According to this article

Because of the class independence assumption, naive Bayes classifiers can quickly learn to use high dimensional features with limited training data compared to more sophisticated methods. This can be useful in situations where the dataset is small compared to the number of features, such as images or texts.

Why does Naive Bayes work well when the number of features >> sample size compared to more sophisticated ML algorithms?


What the author is getting at is that Naive Bayes implicitly treats all features as being independent of one another, and therefore the sorts of curse-of-dimensionality problems which typically rear their head when dealing with high-dimensional data do not apply.

If your data has $k$ dimensions, then a fully general ML algorithm which attempts to learn all possible correlations between these features has to deal with $2^k$ possible feature interactions, and therefore needs on the order of $2^k$ many data points to be performant. However because Naive Bayes assumes independence between features, it only needs on the order of $k$ many data points, exponentially fewer.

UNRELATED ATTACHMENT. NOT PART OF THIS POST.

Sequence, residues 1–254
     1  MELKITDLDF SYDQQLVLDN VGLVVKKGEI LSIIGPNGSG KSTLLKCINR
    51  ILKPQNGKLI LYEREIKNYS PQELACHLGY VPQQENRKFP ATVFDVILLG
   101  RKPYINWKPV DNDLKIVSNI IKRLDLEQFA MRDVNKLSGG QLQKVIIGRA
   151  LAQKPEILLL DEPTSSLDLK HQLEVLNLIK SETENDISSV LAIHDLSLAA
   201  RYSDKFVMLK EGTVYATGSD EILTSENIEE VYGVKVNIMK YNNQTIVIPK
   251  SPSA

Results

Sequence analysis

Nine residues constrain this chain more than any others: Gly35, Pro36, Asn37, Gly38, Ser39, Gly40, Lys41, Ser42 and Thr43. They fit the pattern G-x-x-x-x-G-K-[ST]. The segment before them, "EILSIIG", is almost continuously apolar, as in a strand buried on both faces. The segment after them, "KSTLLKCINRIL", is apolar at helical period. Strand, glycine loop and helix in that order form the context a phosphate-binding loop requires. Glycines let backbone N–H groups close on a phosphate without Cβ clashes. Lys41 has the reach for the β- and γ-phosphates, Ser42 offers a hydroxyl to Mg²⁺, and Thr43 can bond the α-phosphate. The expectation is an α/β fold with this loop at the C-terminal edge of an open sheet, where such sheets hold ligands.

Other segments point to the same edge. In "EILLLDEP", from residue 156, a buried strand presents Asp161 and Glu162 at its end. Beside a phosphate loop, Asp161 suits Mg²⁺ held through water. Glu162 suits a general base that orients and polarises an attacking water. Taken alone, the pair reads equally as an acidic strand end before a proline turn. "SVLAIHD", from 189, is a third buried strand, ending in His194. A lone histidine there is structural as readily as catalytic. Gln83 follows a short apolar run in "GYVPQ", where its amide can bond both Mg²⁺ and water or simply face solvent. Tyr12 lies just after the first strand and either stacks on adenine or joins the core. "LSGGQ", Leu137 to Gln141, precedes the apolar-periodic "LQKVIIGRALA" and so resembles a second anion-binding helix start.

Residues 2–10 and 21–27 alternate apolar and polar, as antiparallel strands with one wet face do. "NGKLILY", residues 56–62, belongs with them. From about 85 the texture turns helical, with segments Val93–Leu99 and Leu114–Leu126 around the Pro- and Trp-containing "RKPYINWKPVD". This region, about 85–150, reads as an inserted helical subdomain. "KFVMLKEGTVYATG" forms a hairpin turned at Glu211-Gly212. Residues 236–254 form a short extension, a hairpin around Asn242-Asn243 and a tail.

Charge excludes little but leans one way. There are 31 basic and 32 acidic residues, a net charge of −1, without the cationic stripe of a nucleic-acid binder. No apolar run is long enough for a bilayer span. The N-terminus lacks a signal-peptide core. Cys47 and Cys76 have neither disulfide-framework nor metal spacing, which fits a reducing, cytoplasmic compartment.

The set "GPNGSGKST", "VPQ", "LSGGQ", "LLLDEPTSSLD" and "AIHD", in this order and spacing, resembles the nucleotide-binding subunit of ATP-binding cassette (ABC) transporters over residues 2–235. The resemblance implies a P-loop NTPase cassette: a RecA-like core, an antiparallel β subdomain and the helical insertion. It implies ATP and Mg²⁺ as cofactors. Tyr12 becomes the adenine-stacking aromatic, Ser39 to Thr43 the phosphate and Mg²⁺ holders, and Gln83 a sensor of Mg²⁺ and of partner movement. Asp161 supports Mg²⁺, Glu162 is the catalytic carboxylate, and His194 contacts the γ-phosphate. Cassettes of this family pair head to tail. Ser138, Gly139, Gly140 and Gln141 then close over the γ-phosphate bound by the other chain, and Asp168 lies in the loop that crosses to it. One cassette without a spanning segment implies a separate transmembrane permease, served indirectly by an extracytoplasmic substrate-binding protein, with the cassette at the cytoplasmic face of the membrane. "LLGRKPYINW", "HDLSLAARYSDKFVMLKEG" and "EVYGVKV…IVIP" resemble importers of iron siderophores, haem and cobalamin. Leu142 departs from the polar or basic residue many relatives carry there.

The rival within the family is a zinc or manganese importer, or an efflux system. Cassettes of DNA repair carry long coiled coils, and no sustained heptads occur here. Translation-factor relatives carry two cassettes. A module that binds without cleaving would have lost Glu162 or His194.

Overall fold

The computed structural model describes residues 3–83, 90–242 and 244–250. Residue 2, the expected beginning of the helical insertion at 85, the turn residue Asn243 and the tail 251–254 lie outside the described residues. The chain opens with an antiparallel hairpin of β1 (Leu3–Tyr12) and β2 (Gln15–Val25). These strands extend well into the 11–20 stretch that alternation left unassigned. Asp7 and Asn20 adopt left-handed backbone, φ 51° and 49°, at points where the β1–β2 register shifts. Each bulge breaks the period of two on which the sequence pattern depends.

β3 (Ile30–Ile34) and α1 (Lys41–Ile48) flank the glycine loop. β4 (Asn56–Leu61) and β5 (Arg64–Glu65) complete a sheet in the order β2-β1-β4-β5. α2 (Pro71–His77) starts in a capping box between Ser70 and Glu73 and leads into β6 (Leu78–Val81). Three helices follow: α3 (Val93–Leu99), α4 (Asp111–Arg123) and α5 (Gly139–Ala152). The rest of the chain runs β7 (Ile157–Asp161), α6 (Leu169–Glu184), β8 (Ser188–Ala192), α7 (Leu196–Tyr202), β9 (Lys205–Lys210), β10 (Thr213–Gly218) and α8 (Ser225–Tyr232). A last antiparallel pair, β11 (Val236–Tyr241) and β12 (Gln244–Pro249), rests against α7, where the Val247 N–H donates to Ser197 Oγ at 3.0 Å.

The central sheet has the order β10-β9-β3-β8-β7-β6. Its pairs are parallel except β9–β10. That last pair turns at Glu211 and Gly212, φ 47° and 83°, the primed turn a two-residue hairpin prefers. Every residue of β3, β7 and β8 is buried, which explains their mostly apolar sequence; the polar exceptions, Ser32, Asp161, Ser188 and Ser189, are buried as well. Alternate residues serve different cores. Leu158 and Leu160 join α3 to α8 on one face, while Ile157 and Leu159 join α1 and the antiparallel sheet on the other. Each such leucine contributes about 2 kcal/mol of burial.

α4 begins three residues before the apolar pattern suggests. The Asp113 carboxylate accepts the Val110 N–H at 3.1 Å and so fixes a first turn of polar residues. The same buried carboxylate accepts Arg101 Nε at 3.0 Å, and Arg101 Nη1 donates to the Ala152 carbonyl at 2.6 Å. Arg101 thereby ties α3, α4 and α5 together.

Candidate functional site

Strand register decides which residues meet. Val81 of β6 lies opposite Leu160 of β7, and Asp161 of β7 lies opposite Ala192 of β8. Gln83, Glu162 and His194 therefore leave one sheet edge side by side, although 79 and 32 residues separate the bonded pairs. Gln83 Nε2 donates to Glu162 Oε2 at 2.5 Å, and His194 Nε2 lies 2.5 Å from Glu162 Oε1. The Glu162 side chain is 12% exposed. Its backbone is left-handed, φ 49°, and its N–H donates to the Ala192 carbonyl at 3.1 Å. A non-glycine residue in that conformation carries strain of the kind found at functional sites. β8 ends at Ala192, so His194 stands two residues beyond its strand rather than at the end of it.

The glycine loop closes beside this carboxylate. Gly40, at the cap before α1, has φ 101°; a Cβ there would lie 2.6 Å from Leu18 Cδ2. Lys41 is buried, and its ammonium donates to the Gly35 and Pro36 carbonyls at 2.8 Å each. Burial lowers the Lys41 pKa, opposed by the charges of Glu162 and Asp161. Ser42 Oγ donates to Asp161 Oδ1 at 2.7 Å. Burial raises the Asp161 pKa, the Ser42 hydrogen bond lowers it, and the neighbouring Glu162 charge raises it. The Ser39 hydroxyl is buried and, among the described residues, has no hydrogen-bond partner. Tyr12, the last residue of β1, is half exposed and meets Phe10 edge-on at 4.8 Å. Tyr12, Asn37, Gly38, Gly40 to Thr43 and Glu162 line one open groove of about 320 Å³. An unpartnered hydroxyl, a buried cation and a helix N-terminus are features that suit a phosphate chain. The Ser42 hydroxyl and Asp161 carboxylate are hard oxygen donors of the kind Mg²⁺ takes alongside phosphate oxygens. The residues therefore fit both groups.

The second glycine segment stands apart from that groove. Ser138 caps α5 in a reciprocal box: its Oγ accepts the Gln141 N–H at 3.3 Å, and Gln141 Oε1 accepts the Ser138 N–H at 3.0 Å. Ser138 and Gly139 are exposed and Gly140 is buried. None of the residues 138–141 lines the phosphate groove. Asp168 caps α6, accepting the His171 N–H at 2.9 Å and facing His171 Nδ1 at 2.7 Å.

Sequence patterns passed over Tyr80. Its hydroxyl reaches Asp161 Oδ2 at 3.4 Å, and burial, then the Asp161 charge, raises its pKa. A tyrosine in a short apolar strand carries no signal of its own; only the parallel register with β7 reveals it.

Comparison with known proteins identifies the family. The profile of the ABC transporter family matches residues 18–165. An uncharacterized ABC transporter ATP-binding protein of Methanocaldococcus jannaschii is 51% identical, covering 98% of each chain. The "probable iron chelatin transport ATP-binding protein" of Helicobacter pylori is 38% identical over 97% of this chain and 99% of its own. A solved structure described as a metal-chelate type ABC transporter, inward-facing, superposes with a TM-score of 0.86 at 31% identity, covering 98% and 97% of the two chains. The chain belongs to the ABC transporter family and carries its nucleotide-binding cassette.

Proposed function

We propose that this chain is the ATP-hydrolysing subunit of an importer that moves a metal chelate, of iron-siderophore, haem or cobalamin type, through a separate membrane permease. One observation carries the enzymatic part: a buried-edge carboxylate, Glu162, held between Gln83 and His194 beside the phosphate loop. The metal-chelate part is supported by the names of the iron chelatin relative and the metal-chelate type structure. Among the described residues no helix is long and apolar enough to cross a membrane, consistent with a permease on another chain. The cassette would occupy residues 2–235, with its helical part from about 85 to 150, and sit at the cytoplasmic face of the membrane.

However this comes at the cost of only being able to capture much simpler mappings between the input variables and the output class, and as such Naive Bayes could never compete with something like a large neural network trained on a large dataset when it comes to tasks like image recognition, although it might perform better on very small datasets.

  • $\begingroup$ Thanks. Can you link some paper or source which back this reasoning? $\endgroup$ – GeorgeOfTheRF Nov 29 '18 at 13:22
  • $\begingroup$ For someone whose handle is ML_Pro, this is something you should probably already know ;) inf.ed.ac.uk/teaching/courses/inf2b/learnnotes/… $\endgroup$ – jon_simon Nov 29 '18 at 15:43
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    $\begingroup$ I guess you are happy now :D Just curious, can you guess what my handle mean? $\endgroup$ – GeorgeOfTheRF Nov 30 '18 at 10:46
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    $\begingroup$ That's a great handle! George of the Jungle (random forest) pun! $\endgroup$ – jon_simon Nov 30 '18 at 10:56
  • $\begingroup$ Yes. That is what I meant! $\endgroup$ – GeorgeOfTheRF Nov 30 '18 at 10:58

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